Elizabeth City also has school connections. “College of The Albemarle produces a lot of the technical skills, and we’re working with the school system to set up an apprentice program for the coming year in the junior highs and high schools where they can receive the training they need so they can stay home and go to work,” Lockamy says.

He says Pasquotank County’s growth prospects are excellent.

“All those industries that are manufacturers, they have a strong wealth multiplier component,” he says. “If we put those eggs in that basket, it will grow the community. This is cornerstone economic development. The manufacturing base is like the foundation, and the people are the steps.”


You might just stay awhile 

Local officials are confident expanding manufacturing jobs and a changing downtown area will better expose Tarboro to newcomers.

Town of Tarboro

Tarboro’s population has seen a slight but steady decline over the past decade, but officials believe that expanding businesses, a new five-year plan and fun events such as live music concerts during the summer will be a turning point.

The town of Tarboro has two slogans, each with a message about the city’s metamorphosis into an energetic settlement for families, visitors, new industry and private business.

“Our History Is Just the Beginning,” the greeting on the town website, alludes to Tarboro’s first inhabitants in 1733, its visit from George Washington in 1791, the role it held as a Civil War river port and its recognition by the National Park Service in 1977, when its historic district landed on the National Register of Historic Places.

But Tarboro, on the banks of the Tar River and 95 miles from the Atlantic, has had its struggles. Hurricane Floyd flooded the region and washed out roads in 1999, and Hurricane Matthew reciprocated in 2016 with rising tides pushing in from the Pamlico Sound. Census data shows Tarboro’s population dropped by about 500 from 2010 to 2018, leaving the Edgecombe County seat with 10,844 residents. Initiatives seem vital.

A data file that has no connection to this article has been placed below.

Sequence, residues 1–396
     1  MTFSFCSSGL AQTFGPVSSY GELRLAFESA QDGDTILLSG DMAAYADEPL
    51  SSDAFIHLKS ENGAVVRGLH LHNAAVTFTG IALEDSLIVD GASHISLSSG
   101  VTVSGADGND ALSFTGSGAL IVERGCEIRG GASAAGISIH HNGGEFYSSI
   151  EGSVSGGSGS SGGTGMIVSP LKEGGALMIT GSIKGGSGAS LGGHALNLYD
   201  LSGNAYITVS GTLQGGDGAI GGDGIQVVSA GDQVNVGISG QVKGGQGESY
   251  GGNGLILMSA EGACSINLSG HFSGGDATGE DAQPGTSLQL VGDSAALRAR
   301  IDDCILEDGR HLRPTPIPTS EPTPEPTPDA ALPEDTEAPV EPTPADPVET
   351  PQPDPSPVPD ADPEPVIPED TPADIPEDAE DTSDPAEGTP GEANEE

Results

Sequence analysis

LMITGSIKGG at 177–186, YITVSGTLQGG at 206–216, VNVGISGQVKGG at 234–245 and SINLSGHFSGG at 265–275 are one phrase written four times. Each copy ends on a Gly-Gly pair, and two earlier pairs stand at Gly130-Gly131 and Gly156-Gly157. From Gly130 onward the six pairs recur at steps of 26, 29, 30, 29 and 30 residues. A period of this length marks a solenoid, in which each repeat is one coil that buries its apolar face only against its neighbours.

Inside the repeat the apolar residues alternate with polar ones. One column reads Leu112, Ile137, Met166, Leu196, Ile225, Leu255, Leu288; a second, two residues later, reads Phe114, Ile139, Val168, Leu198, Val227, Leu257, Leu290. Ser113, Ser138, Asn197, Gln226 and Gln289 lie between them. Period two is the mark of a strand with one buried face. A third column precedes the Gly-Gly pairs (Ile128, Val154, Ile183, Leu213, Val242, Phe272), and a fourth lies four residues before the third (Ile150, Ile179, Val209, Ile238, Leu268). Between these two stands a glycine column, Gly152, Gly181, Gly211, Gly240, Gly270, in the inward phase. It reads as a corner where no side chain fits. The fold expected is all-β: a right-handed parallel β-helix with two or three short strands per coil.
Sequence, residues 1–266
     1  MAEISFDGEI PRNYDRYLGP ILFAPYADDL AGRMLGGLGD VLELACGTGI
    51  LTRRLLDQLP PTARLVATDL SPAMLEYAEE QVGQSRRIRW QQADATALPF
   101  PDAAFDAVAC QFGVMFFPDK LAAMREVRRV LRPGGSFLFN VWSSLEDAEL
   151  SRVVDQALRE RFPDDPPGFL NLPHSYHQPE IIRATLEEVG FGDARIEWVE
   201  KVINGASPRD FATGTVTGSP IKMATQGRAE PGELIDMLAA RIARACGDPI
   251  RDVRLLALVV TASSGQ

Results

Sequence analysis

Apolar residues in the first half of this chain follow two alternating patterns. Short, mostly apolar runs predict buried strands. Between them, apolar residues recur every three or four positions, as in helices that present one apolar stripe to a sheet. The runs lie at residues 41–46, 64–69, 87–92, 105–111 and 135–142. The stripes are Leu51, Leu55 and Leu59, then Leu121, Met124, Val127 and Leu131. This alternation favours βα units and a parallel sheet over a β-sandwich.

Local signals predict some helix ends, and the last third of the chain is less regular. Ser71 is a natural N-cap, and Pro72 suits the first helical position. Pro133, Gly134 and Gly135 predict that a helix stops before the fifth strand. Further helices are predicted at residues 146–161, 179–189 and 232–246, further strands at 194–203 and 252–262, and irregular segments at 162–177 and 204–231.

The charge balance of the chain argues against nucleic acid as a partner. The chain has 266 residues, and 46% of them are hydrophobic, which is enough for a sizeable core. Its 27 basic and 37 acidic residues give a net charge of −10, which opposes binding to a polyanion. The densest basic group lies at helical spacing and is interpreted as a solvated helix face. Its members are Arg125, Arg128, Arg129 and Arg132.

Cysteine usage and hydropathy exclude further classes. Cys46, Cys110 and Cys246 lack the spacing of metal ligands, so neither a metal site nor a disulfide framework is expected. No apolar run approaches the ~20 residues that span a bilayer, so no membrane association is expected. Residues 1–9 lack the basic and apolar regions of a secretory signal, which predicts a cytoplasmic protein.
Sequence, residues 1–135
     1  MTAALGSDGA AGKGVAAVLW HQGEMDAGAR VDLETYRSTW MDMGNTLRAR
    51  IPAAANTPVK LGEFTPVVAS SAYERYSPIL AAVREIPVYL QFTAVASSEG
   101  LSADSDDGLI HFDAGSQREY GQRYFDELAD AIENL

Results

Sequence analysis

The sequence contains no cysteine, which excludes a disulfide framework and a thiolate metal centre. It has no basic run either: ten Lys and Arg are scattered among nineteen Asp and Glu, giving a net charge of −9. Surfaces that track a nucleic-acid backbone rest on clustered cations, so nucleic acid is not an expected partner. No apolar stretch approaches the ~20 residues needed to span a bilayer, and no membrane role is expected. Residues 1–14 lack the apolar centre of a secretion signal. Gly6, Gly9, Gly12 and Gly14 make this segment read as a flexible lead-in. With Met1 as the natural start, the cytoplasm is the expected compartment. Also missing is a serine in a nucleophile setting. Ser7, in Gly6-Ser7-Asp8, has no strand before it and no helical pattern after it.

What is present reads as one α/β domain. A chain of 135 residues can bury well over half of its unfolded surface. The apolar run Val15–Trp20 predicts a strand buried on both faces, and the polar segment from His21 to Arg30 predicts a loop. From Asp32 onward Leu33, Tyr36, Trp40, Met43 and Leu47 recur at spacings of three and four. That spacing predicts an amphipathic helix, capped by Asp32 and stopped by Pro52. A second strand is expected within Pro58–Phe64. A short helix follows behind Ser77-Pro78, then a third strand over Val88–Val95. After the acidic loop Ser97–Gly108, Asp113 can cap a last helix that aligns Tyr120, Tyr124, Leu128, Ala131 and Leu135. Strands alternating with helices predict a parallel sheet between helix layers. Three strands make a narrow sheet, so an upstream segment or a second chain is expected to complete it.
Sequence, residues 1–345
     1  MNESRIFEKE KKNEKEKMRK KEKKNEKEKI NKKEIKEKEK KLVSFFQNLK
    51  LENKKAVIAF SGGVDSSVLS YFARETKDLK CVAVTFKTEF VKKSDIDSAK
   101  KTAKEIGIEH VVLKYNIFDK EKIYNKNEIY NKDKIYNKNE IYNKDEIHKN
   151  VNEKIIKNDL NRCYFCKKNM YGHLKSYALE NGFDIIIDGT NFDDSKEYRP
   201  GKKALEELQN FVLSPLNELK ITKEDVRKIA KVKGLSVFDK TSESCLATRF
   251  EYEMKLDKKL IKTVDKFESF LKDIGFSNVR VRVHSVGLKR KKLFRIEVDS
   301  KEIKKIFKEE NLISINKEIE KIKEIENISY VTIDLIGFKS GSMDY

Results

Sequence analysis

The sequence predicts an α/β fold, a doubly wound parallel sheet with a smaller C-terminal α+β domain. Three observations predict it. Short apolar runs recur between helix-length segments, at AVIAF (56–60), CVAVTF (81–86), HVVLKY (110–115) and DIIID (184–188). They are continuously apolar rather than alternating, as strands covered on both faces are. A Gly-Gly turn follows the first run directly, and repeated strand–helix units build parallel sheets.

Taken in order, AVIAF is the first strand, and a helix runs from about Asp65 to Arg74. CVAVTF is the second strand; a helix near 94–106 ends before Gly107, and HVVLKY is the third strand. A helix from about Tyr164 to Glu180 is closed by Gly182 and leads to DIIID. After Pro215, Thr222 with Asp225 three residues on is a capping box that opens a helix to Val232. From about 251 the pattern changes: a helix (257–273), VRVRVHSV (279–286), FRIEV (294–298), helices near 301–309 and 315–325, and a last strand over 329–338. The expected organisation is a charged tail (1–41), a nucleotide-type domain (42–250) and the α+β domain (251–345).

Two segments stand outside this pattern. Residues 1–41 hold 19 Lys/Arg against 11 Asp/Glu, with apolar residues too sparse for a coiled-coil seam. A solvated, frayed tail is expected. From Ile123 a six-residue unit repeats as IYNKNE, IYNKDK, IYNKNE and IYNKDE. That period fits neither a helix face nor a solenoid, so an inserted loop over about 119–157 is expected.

“Our history since the 1760s is really important, and we have some phenomenal architecture and things that have been really interesting for us in the past, and we’re expanding from that,” says Catherine Grimm, Tarboro’s planning director. “You have to give a lot of credit to businesses that have been long-standing in the area. They’ve stuck with it through hard economic times, they’re in for the long run, and the town is appreciative of what they’ve sacrificed personally to keep going. And that’s been an inspiration to new businesses trying to open up.”

The second slogan, “You Might Just Stay Awhile,” ushers in new optimism — an engaging interest in downtown, the promise of new jobs, and a perpetual calendar of concerts, parades and celebrations.

Last May, the N.C. Department of Commerce Rural Economic Development Division, with the North Carolina Main Street & Rural Planning Center, assisted Tarboro in devising a five-year economic-development strategic plan through 2023. Residents, business owners, town staff members, commissioners and others joined voices to look at the city’s weaknesses, strengths, goals and opportunities.

Tarboro native Tina Parker, former director of Edgecombe Community College’s Small Business Center, was hired by Tarboro in 2018 as the commercial development and Main Street coordinator to fulfill the city’s obligations as part of the Main Street America program, which encourages economic development. Sept. 15 will mark the city’s 40th year with the program, and a downtown celebration is planned.

“One of the things we pride ourselves on is, this is a place where you can connect with people,” Parker says. “If you visit here and you’re not from a small community, you find that we’re a know-your-neighbor kind of community. We’re very excited with the town overall and the things that are happening beyond the city limits.”

Outside town borders, Chinese firm Triangle Tyre plans to open the first phase of its tire-manufacturing plant this year on 400 acres of the 1,449-acre Kingsboro CSX Select Megasite between Rocky Mount and Tarboro. A second phase will open in 2022. The plant is expected to eventually create about 800 jobs, and a government report estimates it will contribute $2.4 billion to the state economy in the next 12 years.